India has continued its incredible run in the World Cup cricket tournament, bowling another team out as it recorded a 109-run win over Bangladesh to enter the semi-finals.
But this could not have been achieved had one umpiring error not gone India’s way.
At three for 196, India looked like it would go on to make a big total at the MCG, having chosen to bat after winning the toss.
But then Rohit Sharma, on 90, hit the fourth ball of the 40th over, bowled by Rubel Hossain, straight down the throat of deep midwicket fielder Imrul Kayes. Had this dismissal stood, then Bangladesh would have had a chance of reining India in as Rohit had carried the innings until that point, combining with Suresh Raina to take India forward from a shaky 3 for 115.
But the square-leg umpire Aleem Dar, who had earlier been bitten by a wasp, signalled a no-ball. In Dar’s opinion, the ball was above waist-level. This was clearly not correct as Rohit connected with the ball below waist-level after he had advanced a couple of steps from the crease.
And the trajectory of the ball was downwards, so it was nowhere near waist-level.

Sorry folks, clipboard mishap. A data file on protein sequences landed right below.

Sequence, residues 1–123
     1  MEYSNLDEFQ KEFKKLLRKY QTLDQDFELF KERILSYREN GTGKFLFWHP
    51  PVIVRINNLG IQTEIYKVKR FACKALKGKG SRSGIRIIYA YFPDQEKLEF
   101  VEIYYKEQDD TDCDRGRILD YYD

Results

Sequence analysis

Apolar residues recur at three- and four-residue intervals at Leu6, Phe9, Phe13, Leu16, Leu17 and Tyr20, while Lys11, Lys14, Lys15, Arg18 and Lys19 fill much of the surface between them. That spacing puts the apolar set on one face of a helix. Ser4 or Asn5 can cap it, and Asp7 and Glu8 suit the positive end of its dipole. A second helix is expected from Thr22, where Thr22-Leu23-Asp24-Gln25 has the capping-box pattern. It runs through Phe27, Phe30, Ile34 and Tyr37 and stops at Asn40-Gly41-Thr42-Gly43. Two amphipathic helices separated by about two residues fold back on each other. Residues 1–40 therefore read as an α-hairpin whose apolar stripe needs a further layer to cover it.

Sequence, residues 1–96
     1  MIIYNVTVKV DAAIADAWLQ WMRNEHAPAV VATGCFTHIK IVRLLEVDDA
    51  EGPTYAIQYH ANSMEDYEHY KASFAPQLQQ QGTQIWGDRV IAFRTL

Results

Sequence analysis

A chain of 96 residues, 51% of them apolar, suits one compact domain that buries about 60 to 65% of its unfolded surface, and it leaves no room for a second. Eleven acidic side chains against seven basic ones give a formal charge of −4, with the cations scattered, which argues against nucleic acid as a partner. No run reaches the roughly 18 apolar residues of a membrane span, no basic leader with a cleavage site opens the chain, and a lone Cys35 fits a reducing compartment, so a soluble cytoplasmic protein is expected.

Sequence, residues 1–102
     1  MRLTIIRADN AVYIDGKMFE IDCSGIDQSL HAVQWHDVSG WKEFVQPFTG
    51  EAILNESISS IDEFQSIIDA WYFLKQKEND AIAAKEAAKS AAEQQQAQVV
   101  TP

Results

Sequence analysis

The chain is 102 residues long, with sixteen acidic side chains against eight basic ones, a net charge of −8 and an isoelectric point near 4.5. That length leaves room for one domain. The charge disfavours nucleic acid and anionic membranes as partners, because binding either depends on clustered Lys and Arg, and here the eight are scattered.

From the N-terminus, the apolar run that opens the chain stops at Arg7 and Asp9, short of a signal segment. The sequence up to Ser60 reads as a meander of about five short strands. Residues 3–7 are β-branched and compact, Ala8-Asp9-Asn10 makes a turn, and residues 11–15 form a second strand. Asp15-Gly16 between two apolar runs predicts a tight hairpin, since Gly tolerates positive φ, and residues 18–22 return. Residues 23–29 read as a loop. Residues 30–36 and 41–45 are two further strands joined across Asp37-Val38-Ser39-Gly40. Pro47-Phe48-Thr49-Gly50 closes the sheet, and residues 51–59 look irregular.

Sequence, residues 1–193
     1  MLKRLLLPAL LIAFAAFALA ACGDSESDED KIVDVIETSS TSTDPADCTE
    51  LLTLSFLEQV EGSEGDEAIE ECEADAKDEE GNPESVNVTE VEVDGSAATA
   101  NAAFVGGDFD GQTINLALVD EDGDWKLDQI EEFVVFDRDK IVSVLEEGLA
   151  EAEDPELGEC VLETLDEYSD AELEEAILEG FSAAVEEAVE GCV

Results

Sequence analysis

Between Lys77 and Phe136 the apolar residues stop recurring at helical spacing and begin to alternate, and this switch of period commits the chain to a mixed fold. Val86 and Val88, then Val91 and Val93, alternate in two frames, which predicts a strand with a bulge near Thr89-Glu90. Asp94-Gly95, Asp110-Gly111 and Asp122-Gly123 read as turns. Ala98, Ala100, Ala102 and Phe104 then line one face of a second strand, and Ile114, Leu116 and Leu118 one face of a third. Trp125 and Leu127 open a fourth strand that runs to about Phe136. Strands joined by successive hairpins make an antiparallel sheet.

Taking his cue from Dar, the umpire at the bowler’s end, Ian Gould, signalled the no-ball and Rohit came back to his crease and continued his innings. There was no effort to check with the video umpire whether the call was correct.
Rohit made another 47 runs at a spanking pace. By the time Raina fell, the pair had taken the score to 237. At 273, Rohit was finally out, bowled by young Taskin Ahmed.
India finally made 6 for 302. No team has ever chased 300 and won at the MCG.
With that statistic hovering over their heads, Bangladesh began their chase. They started ambitiously with Tamim Iqbal and Imrul Kayes putting on 33. Tamim, it must be remembered, was the man who shone with the bat when Bangladesh defeated India in the 2007 World Cup.
But there was to be no repeat. Tamim fell to a catch behind off Umesh Yadav and the very next ball Kayes was smartly run out as Ravindra Jadeja fielded brilliantly; Yadav collected the return very efficiently and removed the bails at the bowler’s end.
No Bangladesh batsman made a good score, the highest being 35 by bowler Nasir Hossain. At least five others got starts, but none went beyond 30. The man who had made two hundreds in the Cup, Mohammad Mahmudullah, fell to a great catch on the boundary by Shikhar Dhawan who juggled the ball thrice before throwing it back into the field to make the catch legal.
The game ended on the last ball of the 45th over.
India has bowled out every team it has played in this tournament so far. It is doubtful that this fairytale run will continue if, as expected, it meets Australia for a place in the final.